Exact incidence is unknown, with estimates around 2% or more of the general population, and women are more commonly diagnosed. Earlier onset of symptoms is associated with increased severity. A childhood history of abuse or neglect is common and often overlooked or minimized. Risk factors include physical or emotional abuse, as well as exposure to combat, violence, or natural disasters.
The presenting features for all dissociative disorders include temporary alterations in the patient's relation to reality. Dissociative identity disorder presents with 2 or more distinct personality states (formally multiple personality disorder); dissociative amnesia presents with partial or complete loss of memory for psychologically stressful events; dissociative amnesia with fugue state presents with sudden, unexplained travel and inability to recall features of one's past or identity; and dissociative depersonalization / derealization presents with the sensation of an out-of-body experience or feeling completely detached from one's self or surroundings.
Comorbid conditions include mood disorders, anxiety disorders, posttraumatic stress disorder, and functional neurological disorders. Suicide is common among patients with dissociative disorders, especially dissociative identity disorder.
Dissociative disorders can be transient or recurrent. Treatment includes psychotherapy and medication. Patients with these disorders may have an increased risk of various general medical conditions.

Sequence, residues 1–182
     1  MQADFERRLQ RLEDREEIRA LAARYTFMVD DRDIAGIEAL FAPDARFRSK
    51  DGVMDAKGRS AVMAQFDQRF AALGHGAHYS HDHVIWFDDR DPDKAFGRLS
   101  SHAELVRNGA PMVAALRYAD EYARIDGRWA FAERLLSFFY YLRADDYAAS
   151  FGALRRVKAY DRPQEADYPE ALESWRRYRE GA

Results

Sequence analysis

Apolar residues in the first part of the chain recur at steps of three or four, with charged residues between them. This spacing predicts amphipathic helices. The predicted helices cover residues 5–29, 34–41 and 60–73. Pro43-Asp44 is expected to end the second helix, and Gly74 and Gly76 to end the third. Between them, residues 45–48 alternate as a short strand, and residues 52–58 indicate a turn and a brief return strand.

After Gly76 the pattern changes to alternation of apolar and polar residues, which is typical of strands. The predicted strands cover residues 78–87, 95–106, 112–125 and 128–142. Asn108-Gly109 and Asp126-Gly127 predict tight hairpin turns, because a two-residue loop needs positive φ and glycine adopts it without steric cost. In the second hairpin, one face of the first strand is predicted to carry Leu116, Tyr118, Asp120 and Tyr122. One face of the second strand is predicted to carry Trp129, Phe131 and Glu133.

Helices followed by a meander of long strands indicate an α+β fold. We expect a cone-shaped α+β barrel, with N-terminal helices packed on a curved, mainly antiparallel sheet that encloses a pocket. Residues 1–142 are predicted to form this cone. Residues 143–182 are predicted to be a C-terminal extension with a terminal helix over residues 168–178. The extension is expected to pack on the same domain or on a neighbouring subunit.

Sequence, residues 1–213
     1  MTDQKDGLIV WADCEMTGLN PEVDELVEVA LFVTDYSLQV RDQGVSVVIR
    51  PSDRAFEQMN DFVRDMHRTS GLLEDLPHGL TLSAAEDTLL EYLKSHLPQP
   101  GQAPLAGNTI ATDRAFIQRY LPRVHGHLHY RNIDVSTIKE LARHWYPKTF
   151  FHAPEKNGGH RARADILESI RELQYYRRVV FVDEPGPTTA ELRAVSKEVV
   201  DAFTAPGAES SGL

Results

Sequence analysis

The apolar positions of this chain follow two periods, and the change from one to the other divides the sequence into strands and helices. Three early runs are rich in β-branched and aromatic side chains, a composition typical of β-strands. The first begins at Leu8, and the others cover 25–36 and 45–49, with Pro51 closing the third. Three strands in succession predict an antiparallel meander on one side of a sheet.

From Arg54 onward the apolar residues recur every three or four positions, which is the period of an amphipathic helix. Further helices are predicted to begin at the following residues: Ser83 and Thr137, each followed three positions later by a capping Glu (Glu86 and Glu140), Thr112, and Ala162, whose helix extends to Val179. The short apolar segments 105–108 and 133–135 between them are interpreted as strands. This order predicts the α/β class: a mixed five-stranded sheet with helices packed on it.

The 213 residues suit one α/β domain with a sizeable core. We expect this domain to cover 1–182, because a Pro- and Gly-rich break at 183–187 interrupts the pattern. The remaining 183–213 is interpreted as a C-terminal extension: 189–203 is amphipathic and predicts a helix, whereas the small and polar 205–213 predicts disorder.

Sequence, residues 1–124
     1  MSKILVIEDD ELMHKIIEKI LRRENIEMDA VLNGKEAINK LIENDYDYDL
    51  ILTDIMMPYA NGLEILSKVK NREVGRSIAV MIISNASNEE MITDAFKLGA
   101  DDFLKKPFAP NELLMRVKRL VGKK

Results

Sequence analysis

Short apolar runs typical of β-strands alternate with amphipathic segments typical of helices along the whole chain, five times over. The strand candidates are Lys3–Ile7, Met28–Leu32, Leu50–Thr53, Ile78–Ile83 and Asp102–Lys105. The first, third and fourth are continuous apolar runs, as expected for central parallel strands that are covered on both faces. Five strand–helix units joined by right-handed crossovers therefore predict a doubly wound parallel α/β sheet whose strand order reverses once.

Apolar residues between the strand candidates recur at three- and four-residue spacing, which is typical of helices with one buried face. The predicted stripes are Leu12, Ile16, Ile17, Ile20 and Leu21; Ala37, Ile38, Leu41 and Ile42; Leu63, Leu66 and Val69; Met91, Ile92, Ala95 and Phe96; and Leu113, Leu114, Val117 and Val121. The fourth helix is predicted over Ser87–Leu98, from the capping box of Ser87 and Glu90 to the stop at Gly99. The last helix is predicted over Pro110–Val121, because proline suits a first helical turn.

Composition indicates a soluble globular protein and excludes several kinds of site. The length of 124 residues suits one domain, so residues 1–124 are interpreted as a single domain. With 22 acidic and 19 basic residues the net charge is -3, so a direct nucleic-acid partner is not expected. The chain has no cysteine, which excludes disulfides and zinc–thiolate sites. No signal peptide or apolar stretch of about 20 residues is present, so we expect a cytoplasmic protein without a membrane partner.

F44.9 – Dissociative and conversion disorder, unspecified
44376007 – Dissociative disorder
Differential Diagnosis & Pitfalls
- Mood disorders – including depression and bipolar disorder; may be associated with personality changes, abnormal behaviors, alterations in cognition, or memory loss
- Anxiety disorders (see generalized anxiety disorder) – can present with transient depersonalization during an acute panic attack
- Posttraumatic stress disorder – may present with amnesia or depersonalization / derealization
- Psychotic disorders – manifestations of dissociative disorders may be confused with symptoms of psychotic disorders, eg, hallucinations
- Conversion disorder (see somatic symptom and related disorders) – functional neurologic symptoms typically present without changes in behavior, personality, and memory and can involve other neurologic symptoms
- Personality disorders – especially borderline personality disorder, which is differentiated by the persistence of the personality traits, whereas dissociative identity disorder is characterized by longitudinal variability in personality
- Neurocognitive disorders including frontotemporal dementia or other dementias – patients present with drastic personality changes and memory loss later in life; time course is progressive rather than static or fluctuating
- Seizures – memory loss does not persist after postictal state
- Transient global amnesia – sudden memory loss and confusion, not as closely associated with history of trauma; resolves within hours to a couple of days and is rarely recurrent
- Delirium – acute changes in metal status
- Wernicke-Korsakoff syndrome – confusion, memory loss, and confabulation associated with physical symptoms including ataxia and abnormal eye movements
- Substance use / medications – hallucinogens, marijuana, cocaine, and other drugs can cause memory loss or depersonalization experiences
- Medical conditions – some conditions can cause changes in cognition, memory, and/or behavior, eg, endocrine encephalopathies